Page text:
Session Type: Poster Session B
Session Time: 9:00AM-11:00AM
Background/Purpose: Biologics have revolutionized the treatment of autoimmune diseases, though costs and payer restrictions have limited who are treated and when these agents are used. Potentially lower cost biosimilars have been developed and FDA-approved, although only 2 TNF inhibitors have been made available to pts. Here, we describe utilization and characteristics of pts receiving IFX and its biosimilars in US community rheumatology practices.
Methods: Electronic medical records data from the American Rheumatology Network (ARN) – Trio Health Rheumatology registry was used for the study. The ARN is a physician-led and owned organization with over 200 practicing rheumatologists that supports some of the largest independent practices in the US. Pts with RA diagnosis who initiated or switched to IFX or biosimilars since December 2016 were selected for analysis. Differences between treatment groups were assessed using t-test for continuous variables and chi-square test for categorical variables. Logistic regression model was used to evaluate outcome remission/low disease activity at 6 mo accounting for demographic and treatment characteristics. Time to treatment discontinuation was assessed using Kaplan-Meier method.
Results: 3156 pts met study criteria; 1972 (62%) were on IFX (775 [39%] as monotherapy) and 1184 (38%) received biosimilars (306 [26%] as monotherapy). Of pts on biosimilars, 350 (30%) switched between different biosimilars or IFX and were removed from the analysis. The remaining 834 pts were treated with infliximab-dyyb (574 [69%]) or infliximab-abda (260 [31%]).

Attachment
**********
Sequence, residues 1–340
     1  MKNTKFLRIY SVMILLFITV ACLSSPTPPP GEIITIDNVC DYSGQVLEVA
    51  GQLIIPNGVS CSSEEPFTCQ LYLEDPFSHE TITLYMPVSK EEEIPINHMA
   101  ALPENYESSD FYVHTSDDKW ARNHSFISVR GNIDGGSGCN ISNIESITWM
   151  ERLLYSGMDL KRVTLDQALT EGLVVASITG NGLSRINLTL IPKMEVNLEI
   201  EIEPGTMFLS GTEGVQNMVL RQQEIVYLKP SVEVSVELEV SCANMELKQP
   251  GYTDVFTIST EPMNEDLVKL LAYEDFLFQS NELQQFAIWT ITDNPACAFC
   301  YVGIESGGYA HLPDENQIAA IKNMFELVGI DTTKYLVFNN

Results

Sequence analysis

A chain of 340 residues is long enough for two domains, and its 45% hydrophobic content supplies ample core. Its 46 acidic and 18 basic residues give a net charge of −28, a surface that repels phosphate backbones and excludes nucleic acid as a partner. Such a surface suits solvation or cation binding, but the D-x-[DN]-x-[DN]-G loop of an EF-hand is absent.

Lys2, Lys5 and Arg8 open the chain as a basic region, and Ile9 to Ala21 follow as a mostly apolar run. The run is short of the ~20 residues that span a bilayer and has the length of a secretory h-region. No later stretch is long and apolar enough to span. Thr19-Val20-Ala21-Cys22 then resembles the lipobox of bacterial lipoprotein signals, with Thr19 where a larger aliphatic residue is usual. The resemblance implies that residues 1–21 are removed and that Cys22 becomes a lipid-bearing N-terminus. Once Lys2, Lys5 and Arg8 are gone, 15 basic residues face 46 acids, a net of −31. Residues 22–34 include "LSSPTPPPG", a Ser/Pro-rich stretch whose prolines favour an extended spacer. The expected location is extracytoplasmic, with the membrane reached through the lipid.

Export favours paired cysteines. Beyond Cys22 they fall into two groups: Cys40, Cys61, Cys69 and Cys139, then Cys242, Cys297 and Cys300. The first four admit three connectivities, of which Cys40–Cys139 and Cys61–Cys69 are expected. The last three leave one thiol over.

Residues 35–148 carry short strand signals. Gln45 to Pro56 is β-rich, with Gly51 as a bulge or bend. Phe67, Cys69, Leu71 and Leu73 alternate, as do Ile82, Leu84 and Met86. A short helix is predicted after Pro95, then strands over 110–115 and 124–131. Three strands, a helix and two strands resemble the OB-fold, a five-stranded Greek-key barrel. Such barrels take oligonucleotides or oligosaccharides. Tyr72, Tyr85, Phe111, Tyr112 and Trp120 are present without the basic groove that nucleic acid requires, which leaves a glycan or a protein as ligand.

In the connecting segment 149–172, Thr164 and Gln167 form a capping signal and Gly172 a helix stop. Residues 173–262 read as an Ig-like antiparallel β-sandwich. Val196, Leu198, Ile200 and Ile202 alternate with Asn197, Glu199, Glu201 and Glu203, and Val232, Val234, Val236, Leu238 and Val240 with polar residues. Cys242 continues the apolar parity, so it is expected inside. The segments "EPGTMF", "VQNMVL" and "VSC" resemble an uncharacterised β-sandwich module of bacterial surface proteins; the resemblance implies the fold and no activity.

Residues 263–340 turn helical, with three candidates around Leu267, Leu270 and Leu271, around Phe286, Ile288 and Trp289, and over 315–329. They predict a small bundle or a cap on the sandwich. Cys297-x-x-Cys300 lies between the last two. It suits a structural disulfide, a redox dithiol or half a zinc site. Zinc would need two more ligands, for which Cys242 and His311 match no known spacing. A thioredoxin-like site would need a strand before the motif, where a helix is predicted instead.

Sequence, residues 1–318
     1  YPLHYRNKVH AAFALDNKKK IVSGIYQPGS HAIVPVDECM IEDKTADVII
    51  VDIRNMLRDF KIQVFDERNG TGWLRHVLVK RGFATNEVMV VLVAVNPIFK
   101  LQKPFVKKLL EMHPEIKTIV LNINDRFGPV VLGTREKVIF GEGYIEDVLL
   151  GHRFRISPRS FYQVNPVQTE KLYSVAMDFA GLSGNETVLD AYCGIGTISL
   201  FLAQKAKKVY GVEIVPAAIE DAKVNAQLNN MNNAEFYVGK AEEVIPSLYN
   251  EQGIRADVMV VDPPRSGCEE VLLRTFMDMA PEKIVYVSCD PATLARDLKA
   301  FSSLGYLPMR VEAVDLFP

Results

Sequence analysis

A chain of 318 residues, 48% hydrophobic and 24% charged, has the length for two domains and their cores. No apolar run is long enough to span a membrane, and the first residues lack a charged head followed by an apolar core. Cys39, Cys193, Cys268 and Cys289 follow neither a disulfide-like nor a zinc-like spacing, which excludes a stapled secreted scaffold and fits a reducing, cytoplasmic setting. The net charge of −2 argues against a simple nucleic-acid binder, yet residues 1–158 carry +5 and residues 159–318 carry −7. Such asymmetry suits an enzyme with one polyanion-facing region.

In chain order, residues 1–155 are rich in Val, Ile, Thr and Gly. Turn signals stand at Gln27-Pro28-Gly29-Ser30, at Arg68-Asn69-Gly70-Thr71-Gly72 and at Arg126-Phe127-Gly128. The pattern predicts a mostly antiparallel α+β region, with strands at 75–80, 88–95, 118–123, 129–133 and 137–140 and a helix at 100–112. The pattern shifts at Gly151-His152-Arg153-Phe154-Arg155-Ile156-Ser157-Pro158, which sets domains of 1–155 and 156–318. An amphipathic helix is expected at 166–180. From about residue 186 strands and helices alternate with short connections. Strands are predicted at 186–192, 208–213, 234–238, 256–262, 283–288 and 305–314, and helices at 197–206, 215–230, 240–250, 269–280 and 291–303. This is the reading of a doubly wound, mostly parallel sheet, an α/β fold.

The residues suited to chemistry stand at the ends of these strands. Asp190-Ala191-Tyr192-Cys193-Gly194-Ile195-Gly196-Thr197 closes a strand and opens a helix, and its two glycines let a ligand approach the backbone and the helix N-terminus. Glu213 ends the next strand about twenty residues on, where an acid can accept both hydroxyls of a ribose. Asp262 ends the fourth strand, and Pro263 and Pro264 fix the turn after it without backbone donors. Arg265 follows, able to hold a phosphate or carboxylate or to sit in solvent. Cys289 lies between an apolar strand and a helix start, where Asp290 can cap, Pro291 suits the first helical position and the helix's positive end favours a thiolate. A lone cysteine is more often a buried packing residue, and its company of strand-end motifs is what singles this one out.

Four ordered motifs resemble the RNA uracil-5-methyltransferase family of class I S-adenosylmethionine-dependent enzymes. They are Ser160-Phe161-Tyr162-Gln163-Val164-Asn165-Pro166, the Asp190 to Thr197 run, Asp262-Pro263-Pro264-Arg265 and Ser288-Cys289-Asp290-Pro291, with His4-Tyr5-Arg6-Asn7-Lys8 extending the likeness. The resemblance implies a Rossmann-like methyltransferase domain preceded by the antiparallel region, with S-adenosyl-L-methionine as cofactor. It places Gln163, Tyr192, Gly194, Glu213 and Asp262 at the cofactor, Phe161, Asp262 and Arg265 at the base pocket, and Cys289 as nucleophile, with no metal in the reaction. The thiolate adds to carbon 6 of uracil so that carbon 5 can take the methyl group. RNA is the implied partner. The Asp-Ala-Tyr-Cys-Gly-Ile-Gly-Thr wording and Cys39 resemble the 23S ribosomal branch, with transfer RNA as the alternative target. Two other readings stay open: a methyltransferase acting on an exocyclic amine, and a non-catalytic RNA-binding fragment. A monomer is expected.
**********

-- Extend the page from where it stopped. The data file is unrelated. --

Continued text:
There were no differences by age and gender between IFX and each biosimilar group [Table 1]. Compared to pts on biosimilars, pts receiving IFX had longer follow-up, fewer prior DMARD or biologic regimens, and longer duration of treatment with IFX. Pts on biosimilars were less likely to be commercially insured and more likely to be on Medicaid compared to IFX. IFX pts were more likely to be in remission/low disease activity at treatment initiation and at 6 mo since treatment initiation compared to pts on biosimilars; there were no differences between biosimilar groups. IFX pts had smaller improvement from baseline (BSL) to 6-mo CDAI compared to pts on biosimilars.
Accounting for age, payer, regimen, steroid use, duration of therapy, number of prior regimens, and BSL disease activity status, variables significantly impacting the outcome were BSL disease activity, regimen duration, and use of steroids but not choice of a biologic [Table 2].
Median time to treatment discontinuation was not statistically different among groups [Figure 1].
Conclusion: Among RA pts treated with IFX and its biosimilars there were differences in demographic and BSL clinical characteristics. IFX was used earlier in the treatment journey than biosimilars with higher proportion of pts in remission at BSL and last observation. Time to treatment discontinuation was similar among groups. After accounting for other pt and treatment characteristics, regimen choice (use of a particular biosimilar vs IFX) was not significantly associated with treatment success at 6 mo since regimen initiation.
To cite this abstract in AMA style:Helfgott S, Radtchenko J, Soloman N, Huston K, Singh J, Edgerton C. Real-World Utilization of Infliximab (IFX) and Its Biosimilars in Patients (Pts) with Rheumatoid Arthritis (RA) Since the First Biosimilar Approval in the US [abstract]. Arthritis Rheumatol. 2020; 72 (suppl 10). https://acrabstracts.org/abstract/real-world-utilization-of-infliximab-ifx-and-its-biosimilars-in-patients-pts-with-rheumatoid-arthritis-ra-since-the-first-biosimilar-approval-in-the-us/. Accessed March 6, 2021.
« Back to ACR Convergence 2020
ACR Meeting Abstracts - https://acrabstracts.org/abstract/real-world-utilization-of-infliximab-ifx-and-its-biosimilars-in-patients-pts-with-rheumatoid-arthritis-ra-since-the-first-biosimilar-approval-in-the-us/